The Supreme Court, being concerned due to the rising no. of cases in High Courts of India, mentioned that ‘Liberty is so precious but we must give a sense of responsibility to High Courts’. It has been observed that the High Courts, on a regular basis, grant interim relief in order to rescind the criminal proceedings of matters related to writ petition or plea under Section 482 of CrPC. The courts do it through the way of stay order, routinely.
A Special Leave Petition was being considered by the bench of Justices D. Y. Chandrachud, M. R. Shah & Sanjiv Khanna, which came forward through an order of the Bombay High Court, from the month of September 2020, on a writ petition. The respondents were the Director of a Real Estate Development Co., along with his business partners and the petitioner was Neeharika Infrastructure Pvt. Ltd. The allegations were made on the basis of Sections 406, 420, 465, 468, 471 and 120B of IPC. Subsequently, the High Court had instructed to not adopt any coercive measures against the respondents while permitting time, so as to file a reply affidavit. The measures were instructed to not be take with respect to the FIR that had been registered by the petitioners.
In the month of October, 2020; a notice had been issued by a bench headed on by Justice D. Y. Chandrachud, on Special Leave Petition. As directed by the High Court, an ad-interim stay was granted here.
As recorder by the bench, three orders were witnessed to be passed under Section 438 of CrPC. It was done October 15th of 2019 by the Additional Sessions Judge of City Sessions Court in Mumbai and granted interim protection against arrest of respondents. The Senior Counsel i.e., Mr. Shyam Divan, was the one to submit the mentioned orders. The respondents were directed to report the police station on 17th, 19th & 22nd October of 2019 and to cooperate with the ongoing investigation. It was contended that the accused was not cooperating for the same, as reported on 17th October, 2019 by the investigating officer while addressing the Sessions Court. Also, it was reported that the previous granted protection had been extended on a regular basis and after an year, writ petition was filed in the Bombay High Court. It was agrued that as the protection of interim was available to the respondents, it was difficult to seek a blanket direction of High Court in order to restrict the investigating officer to take any coercive measures. It was held to be abuse of the whole process. According to Justice Shah, “In a large number of matters, we see that courts are saying ‘Issue notice. No coercive action’, ‘Issue notice. No coercive action’ under 482!”.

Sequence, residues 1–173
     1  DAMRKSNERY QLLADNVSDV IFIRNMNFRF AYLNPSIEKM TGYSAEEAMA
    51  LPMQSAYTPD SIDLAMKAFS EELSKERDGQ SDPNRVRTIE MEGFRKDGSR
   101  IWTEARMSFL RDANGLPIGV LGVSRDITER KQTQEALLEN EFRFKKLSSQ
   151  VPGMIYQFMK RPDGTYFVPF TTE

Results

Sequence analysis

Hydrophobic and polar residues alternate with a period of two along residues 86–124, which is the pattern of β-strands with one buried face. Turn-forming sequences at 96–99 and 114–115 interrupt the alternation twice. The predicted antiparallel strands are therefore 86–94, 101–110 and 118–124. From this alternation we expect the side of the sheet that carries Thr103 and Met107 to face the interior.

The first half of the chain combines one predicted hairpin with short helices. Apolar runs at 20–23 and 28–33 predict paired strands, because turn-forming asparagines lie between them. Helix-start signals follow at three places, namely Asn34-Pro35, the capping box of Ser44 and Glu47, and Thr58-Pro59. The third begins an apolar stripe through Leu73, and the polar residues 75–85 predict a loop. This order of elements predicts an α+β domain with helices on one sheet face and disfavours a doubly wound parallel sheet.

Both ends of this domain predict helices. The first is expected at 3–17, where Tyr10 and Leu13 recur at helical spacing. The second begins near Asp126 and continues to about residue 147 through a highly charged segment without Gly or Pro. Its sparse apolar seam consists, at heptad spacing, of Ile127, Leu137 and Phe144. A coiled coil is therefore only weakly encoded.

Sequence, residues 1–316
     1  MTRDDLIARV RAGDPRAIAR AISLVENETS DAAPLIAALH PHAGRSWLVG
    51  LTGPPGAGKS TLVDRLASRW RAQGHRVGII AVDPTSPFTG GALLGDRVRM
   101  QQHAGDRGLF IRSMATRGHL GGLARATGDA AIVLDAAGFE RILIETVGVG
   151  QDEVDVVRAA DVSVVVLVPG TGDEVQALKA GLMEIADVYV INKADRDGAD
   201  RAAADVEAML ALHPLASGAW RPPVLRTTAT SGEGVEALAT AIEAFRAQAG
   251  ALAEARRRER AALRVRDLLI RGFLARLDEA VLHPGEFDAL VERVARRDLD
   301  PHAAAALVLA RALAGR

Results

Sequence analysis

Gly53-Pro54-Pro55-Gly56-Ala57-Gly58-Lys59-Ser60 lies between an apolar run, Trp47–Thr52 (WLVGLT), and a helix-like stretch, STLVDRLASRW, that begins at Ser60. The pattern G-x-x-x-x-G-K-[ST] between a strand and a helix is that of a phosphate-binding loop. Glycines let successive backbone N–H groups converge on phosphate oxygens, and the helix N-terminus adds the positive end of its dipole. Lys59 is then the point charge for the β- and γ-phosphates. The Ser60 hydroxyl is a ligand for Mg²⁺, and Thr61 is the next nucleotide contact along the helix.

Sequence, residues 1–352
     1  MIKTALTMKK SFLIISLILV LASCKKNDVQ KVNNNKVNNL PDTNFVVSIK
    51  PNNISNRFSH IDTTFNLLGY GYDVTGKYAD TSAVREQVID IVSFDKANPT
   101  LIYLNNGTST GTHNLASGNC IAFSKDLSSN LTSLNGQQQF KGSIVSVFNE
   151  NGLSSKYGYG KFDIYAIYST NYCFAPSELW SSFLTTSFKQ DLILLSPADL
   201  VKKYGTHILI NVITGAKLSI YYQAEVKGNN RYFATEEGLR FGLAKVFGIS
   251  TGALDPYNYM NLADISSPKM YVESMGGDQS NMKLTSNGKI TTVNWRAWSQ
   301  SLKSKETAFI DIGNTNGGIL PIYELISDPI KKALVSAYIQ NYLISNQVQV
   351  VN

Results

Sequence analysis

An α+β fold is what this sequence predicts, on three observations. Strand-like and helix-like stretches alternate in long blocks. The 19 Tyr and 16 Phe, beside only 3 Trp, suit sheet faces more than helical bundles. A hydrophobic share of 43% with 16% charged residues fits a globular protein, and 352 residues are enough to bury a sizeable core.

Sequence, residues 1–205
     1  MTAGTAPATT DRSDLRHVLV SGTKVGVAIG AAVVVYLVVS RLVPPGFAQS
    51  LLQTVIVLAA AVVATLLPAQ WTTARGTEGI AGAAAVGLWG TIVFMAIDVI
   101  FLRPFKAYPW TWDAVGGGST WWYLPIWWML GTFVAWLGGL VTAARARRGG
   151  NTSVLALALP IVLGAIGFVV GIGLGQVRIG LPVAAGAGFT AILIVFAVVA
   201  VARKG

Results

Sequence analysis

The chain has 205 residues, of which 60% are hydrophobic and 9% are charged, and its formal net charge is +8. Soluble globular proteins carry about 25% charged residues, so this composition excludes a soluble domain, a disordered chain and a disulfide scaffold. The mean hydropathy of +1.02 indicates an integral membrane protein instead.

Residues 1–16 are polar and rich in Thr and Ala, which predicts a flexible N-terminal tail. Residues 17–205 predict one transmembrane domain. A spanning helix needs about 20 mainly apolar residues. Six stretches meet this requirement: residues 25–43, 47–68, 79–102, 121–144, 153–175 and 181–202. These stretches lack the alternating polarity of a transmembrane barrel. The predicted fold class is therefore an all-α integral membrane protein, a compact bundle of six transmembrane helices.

Justice Chandrachud said, “When hearing an application for anticipatory bail, it is understandable. Because under section 438 (of the CrPC; anticipatory bail), the power is there. When we issue notice in 438, we say that in the interim, there will be a stay on arrest. In a 438 plea, after notice is issued, if the petitioner happens to be arrested, the application becomes infructuous. So, the stay is granted “.
“Liberty is so precious. We do not want to denude the courts of the power. Exceptional situations may arise. But we must give a sense of responsibility to the High Courts”, added Justice Chandrachud.
“Such orders cannot be passed routinely”, expressed Justice Shah.
It was observed, last week, that the order of protection against arrest cannot be passed by High Courts, when quashing any petition filed as under Section 482 of CrPC and in my opinion this is a correct observation made, as this way, courts won’t be able to do whatever they want or run away from their duty. Also, if this step will not be taken, how will people have faith in our Judiciary?